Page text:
Another day, another think piece about millennials. The jury might still be out on whether we’re truly killing the napkin industry, or playing ourselves in the housing market by buying too much avocado toast—but one thing that does ring true for many millennials is that we’re not feeling fulfilled at work.

Putting the intergenerational grumblings to one side and focusing on the positives, one thing we’ve discovered since launching UX Academy nearly three years ago is that UX design (also known as product design) offers an increasingly attractive career path for millennials in search of a job that can offer creative expression and personal fulfillment—not to mention financial reward.

If you’re a millennial considering a change of path, here are 4 simple reasons design could be right for you!

1. Becoming a designer needn’t mean more debt.

Far from blowing all our money on brunch, many of us millennials are actually digging our way out from under a mountain of debt. Approximately 75% of millennials owe some kind of debt, whether it be credit cards, student loans, medical bills, or something else. The average amount of debt a millennial has? $42,000.

As a result, many millennials are putting off major life events like buying a home, getting married, and having children. As well as having consequences for wider society, many millennials report that debt negatively impacts their interpersonal relationships and mental health.

Given these worries, many of us are understandably sceptical about the financial cost of going back to school. However, compared to other industries, the barriers of entry to the design industry are relatively low. Many successful designers are essentially self-taught, and intensive design education programs like our UX Academy offer low-cost design education, payment plans and a six-month job guarantee. 

Becoming a product designer can also put you in a position to begin paying off existing debt more quickly. According to the independent job site Glassdoor, the average salary of a junior UX/product designer is over $90,000 in the U.S., and design managers (experienced designers who supervise design teams) rank 19th on their list of the 25 Highest Paying Jobs in America.

2. Design is built on empathy and connection.

Far from being self(ie)-obsessed, most millennials crave work that allows us to be part of something bigger than ourselves. Research has shown that we expect a higher level of self-fulfillment at work than previous generations. In short, we value purpose over paychecks.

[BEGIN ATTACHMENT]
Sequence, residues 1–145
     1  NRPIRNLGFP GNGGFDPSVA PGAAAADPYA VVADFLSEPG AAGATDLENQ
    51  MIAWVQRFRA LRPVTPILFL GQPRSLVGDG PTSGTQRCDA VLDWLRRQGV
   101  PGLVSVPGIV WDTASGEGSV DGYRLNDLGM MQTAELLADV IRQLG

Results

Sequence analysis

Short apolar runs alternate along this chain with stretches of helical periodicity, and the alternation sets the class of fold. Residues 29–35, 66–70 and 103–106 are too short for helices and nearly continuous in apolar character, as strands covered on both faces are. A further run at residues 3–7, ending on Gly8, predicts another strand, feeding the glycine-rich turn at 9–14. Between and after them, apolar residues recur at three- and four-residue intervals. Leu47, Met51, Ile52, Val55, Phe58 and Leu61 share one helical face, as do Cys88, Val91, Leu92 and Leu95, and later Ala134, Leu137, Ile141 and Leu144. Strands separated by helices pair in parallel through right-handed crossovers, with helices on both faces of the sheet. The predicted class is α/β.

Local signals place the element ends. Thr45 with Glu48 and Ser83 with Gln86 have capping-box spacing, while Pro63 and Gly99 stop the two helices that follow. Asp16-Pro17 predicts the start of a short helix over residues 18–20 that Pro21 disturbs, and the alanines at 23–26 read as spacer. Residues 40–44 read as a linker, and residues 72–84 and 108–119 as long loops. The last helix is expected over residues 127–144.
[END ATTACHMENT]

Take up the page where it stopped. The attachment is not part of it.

UX/product design is built on understanding other people’s needs, and how users think and feel when they use your product. We talk a lot about empathy in product design, because it’s really that important to being a successful designer.

It doesn’t matter how sharp your typography and illustration skills are if you don’t understand what your users need from the project you’re working on. Design careers are ideal for anyone who wants to base their daily work on building tools rooted in empathy and human understanding.

And the interdisciplinary nature of product design means you’ll often be working with a team of like-minded folks to accomplish your design goals: fellow designers, engineers, product managers, and of course, users. There are few things more fulfilling than putting your skills to work to improve other people’s day-to-day lives through the digital products they rely on.

3. Millennials “get” tech.

Perhaps because we can’t afford a house, many millennials live on the Internet instead—and have done since the late 90s. Some of us lived through the dark days of dial-up internet, survived Myspace’s cut-throat Top 8, and deftly made the transition from Walkman to iPhone X.  It’s in our nature to embrace rapid technological change.

Tech-savvy millennials can make for versatile, adaptive designers. Far from sticking to the tools and techniques we already know, in design careers we’re perfectly placed to deal with the new design tools and trends that constantly compete for the attention of professional digital designers. 

4. You can work in non-traditional ways.

From the 1950s onwards, the cultural ideal of a “job” in many countries meant staying with the same employer for decades, if not for a whole career. Most office roles followed the familiar 9-to-5 format, and the emphasis was on gradual promotion.

Millennials think about work differently than previous generations, tending to seek flexibility, variety, and the chance to be their own boss. Although the design industry still offers many more conventional job opportunities, increasingly UX/product designers choose to build successful careers freelancing. Once you have a foundation of design skills, it’s possible to experiment with different work settings to see what’s best for you, and build a portfolio that represents your unique interests and specialties. Above all, design can put you in charge of your career.

There are also tons of opportunities for designers to work remotely: the rise of collaborative design tools like Figma mean design teams don’t need to be in the same physical space to work together. Millennials can get the benefits of a design career without having to relocate to San Francisco or New York: you don’t need to be based anywhere at all!

Further resources

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Maria Jennings


UX Writer

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